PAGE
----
Thundersnow: Thunder and lightning that occur during a snowstorm, usually associated with very heavy bands of snow.
Polar Vortex: A large area of low pressure that surrounds the Earth's poles and exists there year-round; it is a counter-clockwise circular flow of air in the upper levels that keeps the extreme cold confined to the poles. During the winter, if the flow around the polar vortex weakens, part of it can break off sending cold air southward with the jet stream and causing large arctic outbreaks in the U.S.
Alberta Clipper: A quick-moving low pressure system that originates from the Canadian Rockies. It brings snow, winds and cold through the Northern Plains, Midwest and Great Lakes region during the winter.
Nor'easter: A large storm along the east coast of the U.S. where winds over the coastal areas are coming from the northeast. Typically snow is involved since these storms are most frequent between September and April, but they can happen year-round. The populated I-95 corridor in the Northeast, as well as New England, get hit the most with nor'easters during the winter months. Blizzard conditions, heavy snow, high winds, coastal flooding and beach erosion are the main effects, any of which can cause significant damage.
Bombogenesis: The rapid intensification of a mid-latitude cyclone, also referred to as a "bomb cyclone." For a low pressure system to undergo bombogenensis, it must drop 24 milibars within 24 hours. The cyclone can be described as a "bomb" only because it rapidly intensified.
Atmospheric River: A long, narrow region, like a river, of moisture in the atmosphere that transports water vapor originating from a tropical area.
Pineapple Express: A type of atmospheric river in which the moisture is transported from the waters adjacent to the Hawaiian Islands and usually brings heavy rain to the Pacific Coasts of the U.S. and Canada.
Not all weather is severe weather. To merit the term severe weather, one or more of these events has to happen: a tornado, damaging wind gusts of at least 58 mph or large hail at least 1 inch in diameter. These are some of the severe weather ingredients and common terms used during severe weather events.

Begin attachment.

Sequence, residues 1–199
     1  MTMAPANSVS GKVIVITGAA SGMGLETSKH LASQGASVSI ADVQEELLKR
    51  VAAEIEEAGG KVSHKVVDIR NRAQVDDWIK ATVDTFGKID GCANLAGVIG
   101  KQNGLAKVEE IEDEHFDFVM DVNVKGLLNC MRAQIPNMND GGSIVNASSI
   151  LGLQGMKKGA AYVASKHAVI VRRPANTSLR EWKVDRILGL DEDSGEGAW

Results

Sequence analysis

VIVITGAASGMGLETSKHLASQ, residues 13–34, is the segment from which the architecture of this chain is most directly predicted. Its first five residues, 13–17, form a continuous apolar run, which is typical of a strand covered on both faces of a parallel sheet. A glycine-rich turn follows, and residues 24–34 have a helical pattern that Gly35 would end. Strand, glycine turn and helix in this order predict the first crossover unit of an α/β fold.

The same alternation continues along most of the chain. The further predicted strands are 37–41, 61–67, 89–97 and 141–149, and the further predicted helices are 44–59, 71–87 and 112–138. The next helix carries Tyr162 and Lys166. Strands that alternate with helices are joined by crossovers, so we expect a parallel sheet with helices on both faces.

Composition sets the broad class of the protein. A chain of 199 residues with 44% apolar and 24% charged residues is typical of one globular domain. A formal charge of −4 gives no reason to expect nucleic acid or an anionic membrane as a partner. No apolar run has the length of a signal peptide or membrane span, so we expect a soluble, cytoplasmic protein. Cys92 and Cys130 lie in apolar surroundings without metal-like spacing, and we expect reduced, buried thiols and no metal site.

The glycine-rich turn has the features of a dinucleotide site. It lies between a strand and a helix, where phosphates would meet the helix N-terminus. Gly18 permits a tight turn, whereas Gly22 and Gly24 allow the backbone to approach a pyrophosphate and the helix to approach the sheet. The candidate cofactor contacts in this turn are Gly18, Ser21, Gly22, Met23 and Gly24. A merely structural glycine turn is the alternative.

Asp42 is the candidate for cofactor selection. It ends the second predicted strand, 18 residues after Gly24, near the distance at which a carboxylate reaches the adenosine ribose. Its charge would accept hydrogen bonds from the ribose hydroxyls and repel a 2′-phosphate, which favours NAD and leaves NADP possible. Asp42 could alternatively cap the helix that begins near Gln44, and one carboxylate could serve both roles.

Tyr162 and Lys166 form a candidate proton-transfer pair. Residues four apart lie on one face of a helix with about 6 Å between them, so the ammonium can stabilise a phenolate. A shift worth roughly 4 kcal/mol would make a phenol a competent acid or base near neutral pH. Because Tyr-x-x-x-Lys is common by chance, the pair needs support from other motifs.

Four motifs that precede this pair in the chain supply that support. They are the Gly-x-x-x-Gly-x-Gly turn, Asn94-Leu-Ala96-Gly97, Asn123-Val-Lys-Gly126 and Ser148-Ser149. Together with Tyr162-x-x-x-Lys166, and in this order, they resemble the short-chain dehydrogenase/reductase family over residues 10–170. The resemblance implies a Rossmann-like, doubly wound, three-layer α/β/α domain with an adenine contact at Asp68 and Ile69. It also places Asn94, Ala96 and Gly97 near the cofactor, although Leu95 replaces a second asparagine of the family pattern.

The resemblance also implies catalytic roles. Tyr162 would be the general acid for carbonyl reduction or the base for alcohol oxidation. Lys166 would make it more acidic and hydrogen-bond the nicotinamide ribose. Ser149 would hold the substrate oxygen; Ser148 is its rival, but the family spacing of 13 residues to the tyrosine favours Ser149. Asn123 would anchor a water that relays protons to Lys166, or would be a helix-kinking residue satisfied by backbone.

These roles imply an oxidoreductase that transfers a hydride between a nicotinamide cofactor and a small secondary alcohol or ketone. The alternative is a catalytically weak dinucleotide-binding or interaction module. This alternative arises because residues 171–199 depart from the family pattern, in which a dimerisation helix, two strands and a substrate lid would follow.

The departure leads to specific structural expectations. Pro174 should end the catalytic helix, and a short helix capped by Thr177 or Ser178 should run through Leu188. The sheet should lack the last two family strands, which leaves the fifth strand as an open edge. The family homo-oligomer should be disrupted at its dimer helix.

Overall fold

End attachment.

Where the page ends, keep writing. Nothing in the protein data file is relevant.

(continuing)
Instability: An air parcel is warmer than its surrounding air at the same elevation; this means the air parcel is buoyant and can freely rise. Instability is necessary ingredient for thunderstorms.
Convection: As the sun heats the Earth, the warmer ground heats the cooler air just above it, causing that air to quickly rise, which can then cause thunderstorms if there is enough moisture. Convective thunderstorms happen frequently in the South during the spring and summer. This is why a clear sunny day is dangerous before an anticipated severe weather event –- more sun means more heat means more lift and instability in the air, which can all mean more violent storms.
Downburst: An area of strong, downward moving air from a severe thunderstorm. As the downdraft hits the ground, it is spread horizontally in all directions, resulting in severe straight-line wind damage. Downbursts can be just as dangerous and destructive as tornadoes.
Microburst: A downburst with damaging winds extending 2.5 miles or less that can last five to 15 minutes with winds up to 168 mph.